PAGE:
A Look at a Leader: Dr. Chuck Dietzen
Given his unique experience with less-than-fortunate children, it’s not surprising Dr. Dietzen decided to focus his pediatric practice on severely ill and injured kids.
Charles J. (Chuck) Dietzen, MD, the medical director for pediatric rehabilitation at Riley Hospital for Children at Indiana University Health, has been caring for youngsters since he was a child himself: While growing up in north central Indiana, he shared his home with foster children. “From the time I was seven years old until I turned 27, my family cared for foster kids,” recalls Dr. Dietzen. “In all, there were about one hundred and fifty kids, some less than twenty-four hours old. My siblings and I got to be pretty good babysitters.”
Given his unique experience with less-than-fortunate children, it’s not surprising Dr. Dietzen decided to focus his pediatric practice on severely ill and injured kids. “The bad stuff you hear on the news — those kids come to us,” he says. “Anything from bad car accidents to house fires, brain and spinal cord cancers or infections and amputations.”
In 1997, Dr. Dietzen’s passion for helping children inspired him to create Timmy Global Health, a non-profit that “empowers students and volunteers to tackle today’s most pressing global health challenges.” Timmy Global Health now supports 36 communities in the Dominican Republic, Ecuador, Guatemala, and Nigeria. It’s named after Dr. Dietzen’s brother, who died in infancy.
Dr. Dietzen says his most cherished memory of working with Timmy Global Health was meeting Mother Teresa in 1997: “I went to India that March with the Missionaries of Charity Nuns and other members of their medical team. Mother Teresa died September of that year,” he recalls. “There were no red carpets or trumpets when we met. Mother just sat next to me and said, ‘Don’t ever abandon the patients, always give them hope even if you can’t cure them.’ I bowed down and kissed her hands. It was truly the highlight of my life.”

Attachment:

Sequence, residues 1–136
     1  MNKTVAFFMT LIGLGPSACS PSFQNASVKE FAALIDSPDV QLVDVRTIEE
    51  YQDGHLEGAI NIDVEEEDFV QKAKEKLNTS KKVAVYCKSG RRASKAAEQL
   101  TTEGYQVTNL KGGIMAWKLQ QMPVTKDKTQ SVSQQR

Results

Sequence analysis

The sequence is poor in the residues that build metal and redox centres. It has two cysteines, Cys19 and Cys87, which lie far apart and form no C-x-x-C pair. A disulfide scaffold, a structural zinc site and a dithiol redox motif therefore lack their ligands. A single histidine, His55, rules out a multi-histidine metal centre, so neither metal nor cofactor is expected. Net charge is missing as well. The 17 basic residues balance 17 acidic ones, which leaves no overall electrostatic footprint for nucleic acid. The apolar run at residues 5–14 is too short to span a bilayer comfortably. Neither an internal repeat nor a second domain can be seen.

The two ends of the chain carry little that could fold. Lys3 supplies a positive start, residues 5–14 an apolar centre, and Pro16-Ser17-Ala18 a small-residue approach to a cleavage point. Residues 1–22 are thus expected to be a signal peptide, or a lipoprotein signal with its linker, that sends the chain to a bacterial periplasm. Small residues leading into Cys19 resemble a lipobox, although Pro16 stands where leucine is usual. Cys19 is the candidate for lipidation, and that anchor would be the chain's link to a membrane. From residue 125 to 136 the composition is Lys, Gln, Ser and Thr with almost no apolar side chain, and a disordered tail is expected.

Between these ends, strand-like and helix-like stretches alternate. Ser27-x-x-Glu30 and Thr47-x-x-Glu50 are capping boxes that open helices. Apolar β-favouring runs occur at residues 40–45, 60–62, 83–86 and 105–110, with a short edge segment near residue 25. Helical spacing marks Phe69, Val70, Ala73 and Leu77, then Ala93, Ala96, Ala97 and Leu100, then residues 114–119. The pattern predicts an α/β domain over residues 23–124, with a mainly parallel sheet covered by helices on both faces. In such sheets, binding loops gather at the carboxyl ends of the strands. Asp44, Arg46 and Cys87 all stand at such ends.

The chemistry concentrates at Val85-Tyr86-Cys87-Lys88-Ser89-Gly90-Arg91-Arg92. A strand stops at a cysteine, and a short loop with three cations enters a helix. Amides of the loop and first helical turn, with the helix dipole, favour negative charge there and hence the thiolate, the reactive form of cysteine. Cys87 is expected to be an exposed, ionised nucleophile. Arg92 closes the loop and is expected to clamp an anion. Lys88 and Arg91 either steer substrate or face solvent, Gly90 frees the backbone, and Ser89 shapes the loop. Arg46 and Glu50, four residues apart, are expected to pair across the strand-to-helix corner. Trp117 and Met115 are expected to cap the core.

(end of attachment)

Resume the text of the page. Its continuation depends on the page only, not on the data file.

One way Dr. Dietzen strives to follow Mother Teresa’s advice is by pairing his passion for athletics with his pediatric practice. “I can be a coach and a doctor at the same time,” he says. “I’ve been very involved in sports. I was the first quarterback for the University of Alabama, Birmingham, and in my thirties and forties I played football and rugby at a high level. I got picked up by the Brisbane Bulldogs in Australia.” (The Bulldogs are an American football team.)
“These days, though, I don’t have much free time,” says Dr. Dietzen, who estimates he works at least 50 hours a week. “But when I do need to unwind I love to hike and fish.” Still, Dr. Dietzen doesn’t seem to mind his long days treating children. “The kids always help you put things in perspective,” he says.